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Identifying core business processes

The first step toward customer satisfaction and expectation management 

In today's business environment, organisations know that to be competitive, they need to respond to change, especially as customer expectations increase. Customers are more demanding, mobile and informed than ever. Global and distributed organisations need consistency in the quality and levels of service regardless of where and how they conduct business.

It is extremely difficult to meet these challenges in a timely manner if business IT processes are widely dispersed, silo-based and inconsistent. Consistent core IT business processes, language and data representation is essential to allow decision makers to respond quickly to the changing market.

Defining and maintaining consistent IT business processes is a lot easier said than done but critical if an organisation is to survive in today's market. This article will define "core business" processes and explain how to differentiate these processes from their implementation. It will also review how to prioritise which processes to investigate first.

Defining the core business processes

A "core" business process is defined as the minimum individual tasks to be accomplished to provide a certain level of consistency in output, without any consideration to hardware, software, people resource or performance.

When a core process is implemented, anything can be added to make the process more efficient, but nothing should be eliminated. When the core business process states that certain tasks must be performed in sequence, then it must be reflected in the implementation. In the same manner, any specified steps associated with a task must also be reflected within the implementation.
When asked, most organisations will claim that their core business processes are documented. Yet, typically, it is not the core business process that has been documented but the implementation of that process within a particular system or function. In this scenario, the documentation contains system or application process models reflecting implementation details such as "enter username." Most times, documentation of a core business process doesn't reflect whether a user is identified by a username, badge number, ID-card, or some other method of authentication, as long as the organisation is satisfied with the accuracy of the documentation. Identifying and authenticating a user is an implementation issue, not a business process.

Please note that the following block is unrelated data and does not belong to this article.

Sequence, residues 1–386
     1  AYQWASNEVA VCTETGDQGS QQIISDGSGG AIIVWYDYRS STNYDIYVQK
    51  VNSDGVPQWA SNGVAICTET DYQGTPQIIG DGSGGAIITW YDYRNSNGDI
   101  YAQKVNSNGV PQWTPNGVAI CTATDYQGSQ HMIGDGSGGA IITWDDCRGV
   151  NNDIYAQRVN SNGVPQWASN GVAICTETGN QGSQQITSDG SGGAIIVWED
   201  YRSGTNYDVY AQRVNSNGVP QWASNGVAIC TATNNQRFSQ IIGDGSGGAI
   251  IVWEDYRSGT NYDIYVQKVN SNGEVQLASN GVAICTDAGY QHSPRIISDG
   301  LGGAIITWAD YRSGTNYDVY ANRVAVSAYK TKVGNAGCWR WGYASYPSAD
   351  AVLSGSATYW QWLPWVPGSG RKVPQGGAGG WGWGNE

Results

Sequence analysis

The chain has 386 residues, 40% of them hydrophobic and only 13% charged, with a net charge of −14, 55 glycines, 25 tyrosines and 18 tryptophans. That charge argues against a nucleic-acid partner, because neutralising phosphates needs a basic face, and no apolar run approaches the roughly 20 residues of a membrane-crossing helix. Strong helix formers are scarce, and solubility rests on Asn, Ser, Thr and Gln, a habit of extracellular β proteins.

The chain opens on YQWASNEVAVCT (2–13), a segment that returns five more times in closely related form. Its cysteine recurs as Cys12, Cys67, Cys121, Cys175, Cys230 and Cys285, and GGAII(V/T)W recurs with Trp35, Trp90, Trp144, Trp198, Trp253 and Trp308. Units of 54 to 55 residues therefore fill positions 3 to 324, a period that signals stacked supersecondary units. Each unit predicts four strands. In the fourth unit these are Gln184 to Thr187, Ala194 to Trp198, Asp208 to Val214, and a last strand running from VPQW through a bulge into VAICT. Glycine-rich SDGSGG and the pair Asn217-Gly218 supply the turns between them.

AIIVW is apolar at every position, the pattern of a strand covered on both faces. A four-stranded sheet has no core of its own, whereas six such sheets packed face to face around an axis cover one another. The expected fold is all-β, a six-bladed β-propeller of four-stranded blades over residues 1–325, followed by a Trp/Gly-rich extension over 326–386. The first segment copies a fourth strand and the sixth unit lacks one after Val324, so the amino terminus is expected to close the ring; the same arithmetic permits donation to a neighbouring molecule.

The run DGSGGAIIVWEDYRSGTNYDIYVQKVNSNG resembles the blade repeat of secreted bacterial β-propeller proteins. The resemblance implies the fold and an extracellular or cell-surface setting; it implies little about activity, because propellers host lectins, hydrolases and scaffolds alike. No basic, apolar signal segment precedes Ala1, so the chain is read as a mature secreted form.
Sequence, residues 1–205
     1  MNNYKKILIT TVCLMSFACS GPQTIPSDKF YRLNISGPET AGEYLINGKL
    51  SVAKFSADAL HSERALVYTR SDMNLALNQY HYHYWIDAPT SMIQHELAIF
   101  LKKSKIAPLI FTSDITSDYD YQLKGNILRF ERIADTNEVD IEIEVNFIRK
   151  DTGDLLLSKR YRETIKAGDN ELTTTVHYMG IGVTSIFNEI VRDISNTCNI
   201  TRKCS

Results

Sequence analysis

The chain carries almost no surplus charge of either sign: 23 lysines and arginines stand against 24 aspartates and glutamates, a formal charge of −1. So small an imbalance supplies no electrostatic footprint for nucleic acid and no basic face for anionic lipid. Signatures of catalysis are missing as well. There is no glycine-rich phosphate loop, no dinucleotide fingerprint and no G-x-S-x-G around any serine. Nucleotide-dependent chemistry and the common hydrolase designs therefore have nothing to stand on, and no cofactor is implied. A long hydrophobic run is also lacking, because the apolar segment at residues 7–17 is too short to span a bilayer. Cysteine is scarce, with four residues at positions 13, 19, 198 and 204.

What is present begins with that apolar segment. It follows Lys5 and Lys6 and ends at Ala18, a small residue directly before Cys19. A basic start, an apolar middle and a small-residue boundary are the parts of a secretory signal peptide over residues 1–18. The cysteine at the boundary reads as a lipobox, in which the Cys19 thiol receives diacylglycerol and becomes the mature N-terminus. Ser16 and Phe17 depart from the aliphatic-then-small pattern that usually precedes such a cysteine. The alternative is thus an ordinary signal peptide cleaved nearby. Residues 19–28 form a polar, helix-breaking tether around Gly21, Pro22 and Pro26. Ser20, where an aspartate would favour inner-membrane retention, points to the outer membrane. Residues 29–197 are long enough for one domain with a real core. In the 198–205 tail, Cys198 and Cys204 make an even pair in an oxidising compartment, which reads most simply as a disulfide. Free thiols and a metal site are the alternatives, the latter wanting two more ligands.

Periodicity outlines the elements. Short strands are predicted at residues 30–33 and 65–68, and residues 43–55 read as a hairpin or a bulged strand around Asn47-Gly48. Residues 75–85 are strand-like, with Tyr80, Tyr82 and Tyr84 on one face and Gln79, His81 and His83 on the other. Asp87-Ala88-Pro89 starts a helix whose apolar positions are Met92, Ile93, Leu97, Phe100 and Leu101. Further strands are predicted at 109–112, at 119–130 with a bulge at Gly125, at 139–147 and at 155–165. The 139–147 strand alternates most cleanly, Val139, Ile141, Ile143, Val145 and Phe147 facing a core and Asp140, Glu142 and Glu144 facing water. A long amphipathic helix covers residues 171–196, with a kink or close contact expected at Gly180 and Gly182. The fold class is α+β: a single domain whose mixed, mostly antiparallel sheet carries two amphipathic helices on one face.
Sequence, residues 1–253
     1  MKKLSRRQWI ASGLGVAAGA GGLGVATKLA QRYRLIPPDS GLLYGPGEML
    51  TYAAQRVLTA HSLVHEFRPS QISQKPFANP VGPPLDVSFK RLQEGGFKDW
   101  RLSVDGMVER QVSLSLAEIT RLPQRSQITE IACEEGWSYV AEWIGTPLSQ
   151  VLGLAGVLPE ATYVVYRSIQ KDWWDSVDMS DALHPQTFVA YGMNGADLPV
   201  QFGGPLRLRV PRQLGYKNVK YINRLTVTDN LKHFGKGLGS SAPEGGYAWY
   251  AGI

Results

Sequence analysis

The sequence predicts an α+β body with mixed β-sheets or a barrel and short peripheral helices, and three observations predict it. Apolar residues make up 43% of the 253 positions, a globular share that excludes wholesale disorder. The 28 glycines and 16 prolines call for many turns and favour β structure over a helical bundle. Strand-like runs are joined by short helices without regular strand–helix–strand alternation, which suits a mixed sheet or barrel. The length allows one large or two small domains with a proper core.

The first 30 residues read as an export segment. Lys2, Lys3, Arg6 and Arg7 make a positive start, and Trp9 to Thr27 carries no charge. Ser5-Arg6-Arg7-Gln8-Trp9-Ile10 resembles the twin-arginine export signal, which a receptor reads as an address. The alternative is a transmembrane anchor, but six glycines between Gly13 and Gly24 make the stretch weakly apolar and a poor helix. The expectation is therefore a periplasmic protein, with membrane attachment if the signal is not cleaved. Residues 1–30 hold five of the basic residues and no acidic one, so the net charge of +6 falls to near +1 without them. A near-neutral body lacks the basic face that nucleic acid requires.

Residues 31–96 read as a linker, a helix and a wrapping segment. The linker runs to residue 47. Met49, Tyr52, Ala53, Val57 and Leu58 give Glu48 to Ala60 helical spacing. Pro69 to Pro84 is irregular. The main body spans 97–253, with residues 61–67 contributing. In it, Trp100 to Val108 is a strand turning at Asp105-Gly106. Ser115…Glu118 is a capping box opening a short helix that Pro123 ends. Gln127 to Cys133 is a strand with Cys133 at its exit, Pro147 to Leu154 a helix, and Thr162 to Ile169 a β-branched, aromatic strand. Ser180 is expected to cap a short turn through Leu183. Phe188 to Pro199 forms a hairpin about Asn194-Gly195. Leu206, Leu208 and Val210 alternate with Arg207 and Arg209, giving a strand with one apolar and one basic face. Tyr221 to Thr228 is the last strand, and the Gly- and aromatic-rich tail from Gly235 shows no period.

It's not easy to separate implementation from the core business process. Just take one business process and see how readily you can identify the major tasks involved without letting implementation issues creep into the mix. And it only gets more difficult when core business processes become more intricate and critical within the enterprise.

Using the right process methodology
The methodology and approach used to identify, derive, or create core business processes will vary with an enterprise's size, industry and culture.

There are several proven methodologies and supporting tools for deriving and improving business IT processes (e.g. ITIL® and ISO/IEC20000).

Your first steps

  1. Investigate and remove hurdles relating to organisational cultural issues, governance processes, and supporting infrastructure up front
  2. Educate participants on what a core business process is, how it will benefit their respective business area, and the chosen methodology that will be used to derive these processes
  3. Don't try and do all of the critical business processes at once. Suggest a phased approach with a sound transition strategy.

Once you've identified core business processes, it's important to prioritise which ones to tackle first. A new business channel or service is a good place to start, as business analysis and requirements gathering have likely already been done, which should provide a good jumping-off point for identifying core processes. Next, tackle any business process areas featuring disparate results between business units. Then, look at processes for which new enabling technology is being considered. Rounding out the list are those processes supported by different implementation and those supported by more than one location or business.

Process empowerment

It is import that all parties involved in executing the process clearly understand that it is the process that should be empowered, and should not be confused with the organisational function and position performing it. For example the Service Desk working on a major payroll incident, which requires immediate response and resource from the development team.

Process review 
Your core processes should be a living entity, it is therefore essential to regularly review the performance of your process and adjust as business demands change.

Its never to late to start 

If enterprises are to remain competitive; they need to reduce the complexities resulting from widely dispersed and often disparate business processes. Establishing consistent empowered core business processes is just one step toward meeting increasing customer expectations in today's market.